Making a Point (Just One): Scoring Change Proposed


I've been doing a lot of thinking about scoring in the college game. I always hear about how things would've been different regarding scoring leaders and the historical relevance of certain players pre and post "3 point rule" (tpr). No doubt this would make Chamberlain and White and Manning (and more) rise even higher in the echelons of mastery and greatness.

However, this (tpr) honestly has had very little impact on the true big men of the game. Not taking into consideration the hybrid models such as Garnett and Nowitzki (yes, I know neither of them played college ball) that can spread the floor and open up defenses but, instead focusing on the true bigs that make their living down deep, in the muck, under the sweaty armpits of aggression. Shaq, Ben Wallace, Ostertag, Reeves and more (Pollard? Chenowith? Aldrich?).

Now, thinking of rule changes and adjustments at the beginning of each season as the NCAA ponders how to make the game more challenging, compelling and competitive, we have seen things like wider lanes, no-foul zones under the basket, and other oddities. Not to suggest they didn't have an impact but they were, in effect, just tinkering with ancillary contrivances instead of refitting the engine that drives this train (mixed metaphors will forever haunt me).

If they really want to affect change, change the scoring and how it is tabulated. Just like they did with the 3 point line. Why is 'tpr' constructed the way it is? Because "they" recognize that the farther one is away from the basket, the lower their percentage of success. Thus, a higher reward for success if they make it. Right? Right.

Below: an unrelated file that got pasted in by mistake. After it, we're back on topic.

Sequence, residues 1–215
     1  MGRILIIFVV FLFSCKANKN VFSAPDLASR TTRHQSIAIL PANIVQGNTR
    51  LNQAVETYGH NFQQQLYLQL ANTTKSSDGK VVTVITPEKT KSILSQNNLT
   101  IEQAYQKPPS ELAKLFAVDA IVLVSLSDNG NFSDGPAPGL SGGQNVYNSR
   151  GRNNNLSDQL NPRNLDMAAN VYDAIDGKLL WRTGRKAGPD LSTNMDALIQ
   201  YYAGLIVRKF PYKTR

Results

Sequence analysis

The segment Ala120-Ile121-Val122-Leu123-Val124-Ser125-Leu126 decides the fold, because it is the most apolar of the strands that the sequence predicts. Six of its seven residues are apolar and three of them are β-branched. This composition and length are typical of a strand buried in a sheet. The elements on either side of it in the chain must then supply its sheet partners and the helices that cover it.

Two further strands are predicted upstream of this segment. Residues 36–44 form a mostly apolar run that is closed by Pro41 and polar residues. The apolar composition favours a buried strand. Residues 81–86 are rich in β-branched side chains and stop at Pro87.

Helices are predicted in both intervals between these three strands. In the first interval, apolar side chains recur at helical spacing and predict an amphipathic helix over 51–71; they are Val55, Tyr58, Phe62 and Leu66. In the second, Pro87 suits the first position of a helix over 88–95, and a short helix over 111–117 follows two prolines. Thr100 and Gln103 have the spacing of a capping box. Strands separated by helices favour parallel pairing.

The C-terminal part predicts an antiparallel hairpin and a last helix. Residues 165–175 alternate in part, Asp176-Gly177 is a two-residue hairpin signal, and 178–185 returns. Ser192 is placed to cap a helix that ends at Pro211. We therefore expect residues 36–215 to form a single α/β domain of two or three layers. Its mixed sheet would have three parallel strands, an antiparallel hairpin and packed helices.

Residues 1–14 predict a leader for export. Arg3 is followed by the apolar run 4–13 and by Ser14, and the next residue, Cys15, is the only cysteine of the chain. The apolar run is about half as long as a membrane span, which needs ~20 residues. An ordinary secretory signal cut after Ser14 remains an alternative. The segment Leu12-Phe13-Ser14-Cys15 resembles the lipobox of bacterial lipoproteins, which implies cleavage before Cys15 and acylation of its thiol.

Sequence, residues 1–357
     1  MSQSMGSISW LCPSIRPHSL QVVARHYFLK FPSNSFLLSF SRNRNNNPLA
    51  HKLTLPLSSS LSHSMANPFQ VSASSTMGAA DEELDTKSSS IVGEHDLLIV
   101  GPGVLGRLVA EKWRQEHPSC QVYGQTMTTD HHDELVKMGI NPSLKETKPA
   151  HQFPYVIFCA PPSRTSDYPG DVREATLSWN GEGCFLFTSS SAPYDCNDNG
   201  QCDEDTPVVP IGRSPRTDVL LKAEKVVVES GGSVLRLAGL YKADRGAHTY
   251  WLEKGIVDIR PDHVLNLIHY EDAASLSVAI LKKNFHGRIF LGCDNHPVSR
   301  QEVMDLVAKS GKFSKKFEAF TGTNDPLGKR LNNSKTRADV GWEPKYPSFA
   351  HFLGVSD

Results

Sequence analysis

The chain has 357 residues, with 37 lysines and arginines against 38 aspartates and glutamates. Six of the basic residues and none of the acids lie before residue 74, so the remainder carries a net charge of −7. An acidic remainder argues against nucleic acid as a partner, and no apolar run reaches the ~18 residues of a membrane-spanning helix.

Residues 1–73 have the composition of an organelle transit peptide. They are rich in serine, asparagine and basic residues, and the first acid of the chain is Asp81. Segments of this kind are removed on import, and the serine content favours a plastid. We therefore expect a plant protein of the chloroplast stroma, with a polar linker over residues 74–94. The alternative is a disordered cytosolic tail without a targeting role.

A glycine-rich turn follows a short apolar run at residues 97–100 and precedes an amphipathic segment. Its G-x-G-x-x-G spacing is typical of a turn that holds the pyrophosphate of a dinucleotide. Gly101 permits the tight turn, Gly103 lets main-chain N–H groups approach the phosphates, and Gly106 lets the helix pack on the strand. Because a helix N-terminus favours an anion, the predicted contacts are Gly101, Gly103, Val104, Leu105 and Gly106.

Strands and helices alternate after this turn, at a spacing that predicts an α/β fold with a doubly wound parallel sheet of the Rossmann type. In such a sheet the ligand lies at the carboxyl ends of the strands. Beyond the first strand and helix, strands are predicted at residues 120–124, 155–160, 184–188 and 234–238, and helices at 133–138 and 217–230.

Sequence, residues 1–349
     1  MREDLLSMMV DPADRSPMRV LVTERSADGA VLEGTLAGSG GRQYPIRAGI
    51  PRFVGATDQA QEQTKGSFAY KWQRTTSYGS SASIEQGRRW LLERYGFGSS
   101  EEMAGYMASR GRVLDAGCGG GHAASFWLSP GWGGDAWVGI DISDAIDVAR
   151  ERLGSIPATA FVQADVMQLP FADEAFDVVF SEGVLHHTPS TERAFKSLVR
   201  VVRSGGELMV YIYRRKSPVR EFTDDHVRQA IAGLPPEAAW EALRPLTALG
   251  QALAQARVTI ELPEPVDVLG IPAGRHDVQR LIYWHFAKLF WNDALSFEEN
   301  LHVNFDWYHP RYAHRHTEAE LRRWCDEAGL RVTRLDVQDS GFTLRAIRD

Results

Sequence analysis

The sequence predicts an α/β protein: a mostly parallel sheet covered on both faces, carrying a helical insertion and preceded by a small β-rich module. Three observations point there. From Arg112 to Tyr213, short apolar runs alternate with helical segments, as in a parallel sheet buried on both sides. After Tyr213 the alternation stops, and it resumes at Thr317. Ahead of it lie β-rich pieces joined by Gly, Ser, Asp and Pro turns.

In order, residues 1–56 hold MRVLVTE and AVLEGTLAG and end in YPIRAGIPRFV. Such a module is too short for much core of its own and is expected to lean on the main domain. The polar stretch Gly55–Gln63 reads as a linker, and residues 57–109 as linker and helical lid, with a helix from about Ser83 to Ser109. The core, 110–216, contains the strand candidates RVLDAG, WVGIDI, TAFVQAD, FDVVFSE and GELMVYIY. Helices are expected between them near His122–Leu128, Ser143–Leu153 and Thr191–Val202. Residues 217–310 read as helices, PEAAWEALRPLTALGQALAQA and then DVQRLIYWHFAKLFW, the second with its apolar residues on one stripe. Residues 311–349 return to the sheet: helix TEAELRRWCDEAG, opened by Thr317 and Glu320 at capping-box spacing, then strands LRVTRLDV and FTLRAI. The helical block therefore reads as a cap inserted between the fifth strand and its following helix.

So, let's tweak the interior a bit. Why do they always emphasize hitting the chippies and lay-ups/ins? Because they are close to the basket and are a high percentage shot. Why are they as valuable as a 17' jumper, a 12' floater or a anything (really) outside the lane but inside the arc? Doesn't make sense.

From here on, how would the complexion of the game look if every shot that was made inside the arc, but outside the lane counted for two points and (HERE IT COMES... BRACE YOURSELVES) anything inside the lane (put-backs, lay-ups, slams, you name it...) would count as one point. Yep. O-n-e point.

Think how that would influence crucial game time plays, fouls, buzzer beaters and missed free throws. Does the rebounder try for the easy stick back for one point or does he dish it off to the sharp-shooter from 11 feet away? Do you foul the guy down low knowing he only gets one foul shot... or do you not want to risk getting another foul for such a (perceived) paltry point gain? As a defender, do you let the other guy have the point or, if on offense, do you drive all the way inside for a (much needed?) point or pull up for two?